When Childhood Friendships Go Very Wrong
Clearly, some level of conflict in children’s lives is to be expected. A child won’t get along with everyone, won’t always be chosen for the team, and doesn’t need the latest clothes or hairstyle. Experiencing, and working through, conflict is an important part of growing up. We develop resilience, communication skills, and empathy in our experiences with others. As children try to navigate their world, they will not always be successful. So when do normal childhood conflict characteristics such as aggression, immaturity, a strong-willed nature, or a lack of social skills become “bullying”? This article will describe four hallmarks of bullying and ten tips for stopping this troubling behavior. There are four hallmarks of bullying – behaviors that signal that a situation that has gone beyond typical childhood conflict to one of bullying. These hallmarks are intent, repetition, hurtfulness, and power imbalance.
Hallmarks of Bullying
Intent – Children often speak or act without thinking, hurting someone in the process. Bullying, however, is the intentional infliction of physical or verbal harm. Impulsive behavior that hurts others can be followed by an apology and a resolve to think before acting next time. Bullying tends to continue, even when the bully is asked to stop
Repetition – While impulsive acts or true accidents happen from time to time, bullying becomes repetitive. The target tends to be someone the bully perceives as unable or unwilling to seek help. The bullying continues – because it can.
Hurtfulness – Bullying is intended to be hurtful, either physically or emotionally or both. Bullying among girls, often referred to as “relational violence”, is designed to inflict social harm – to reduce social status. This form of bullying often extends to cyberspace, becoming “cyberbullying”. Social media is used to belittle, embarrass, humiliate, or tease someone through the use of posted images, comments, or texts. “Secrets” are revealed, comments made, or rumors spread to reduce the social standing of the target.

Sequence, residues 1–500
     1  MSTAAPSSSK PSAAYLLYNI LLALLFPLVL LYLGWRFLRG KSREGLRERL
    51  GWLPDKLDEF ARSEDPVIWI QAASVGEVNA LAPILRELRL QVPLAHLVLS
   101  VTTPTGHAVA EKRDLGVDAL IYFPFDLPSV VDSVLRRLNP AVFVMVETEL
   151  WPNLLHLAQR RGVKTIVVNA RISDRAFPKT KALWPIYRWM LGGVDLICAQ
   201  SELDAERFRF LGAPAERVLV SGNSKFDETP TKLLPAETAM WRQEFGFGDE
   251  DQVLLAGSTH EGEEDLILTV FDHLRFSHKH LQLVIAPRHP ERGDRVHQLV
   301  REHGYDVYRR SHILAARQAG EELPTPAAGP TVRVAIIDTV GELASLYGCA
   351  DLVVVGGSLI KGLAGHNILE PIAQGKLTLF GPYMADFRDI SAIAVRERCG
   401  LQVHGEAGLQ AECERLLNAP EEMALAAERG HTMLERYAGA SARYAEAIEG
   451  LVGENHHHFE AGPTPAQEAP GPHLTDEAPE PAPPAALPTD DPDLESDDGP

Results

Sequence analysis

Power Imbalance – An imbalance of power is the fourth hallmark of bullying. While a good deal of “give and get” is apparent among children who are arguing or teasing each other, bullying creates in the bully a sense of heightened power, and in the target a sense of powerlessness. Whether the power stems from size, age, social standing, or other factors, the goal of a bullying relationship s to make one person a winner, and one a loser.
What Can Parents Do?
As a parent, it is often difficult to know if, and when, to intervene in children’s struggles. Spouses may disagree. Children may insist parents “stay out of it!” Parents often fear they will “only make it worse” by confronting the bully or parent. It may be too hard to accept that their child is a bully, that she has been a target, or that she chose not to defend a targeted child. Even innocent bystanders are really not so innocent if they look the other way.
What can you do? What should you do if you feel your child is a target, bully, or bystander to hurtful behavior?
Ten Tips to Stop Bullying
1. Listen to your child, ask questions, and offer unconditional support and solutions.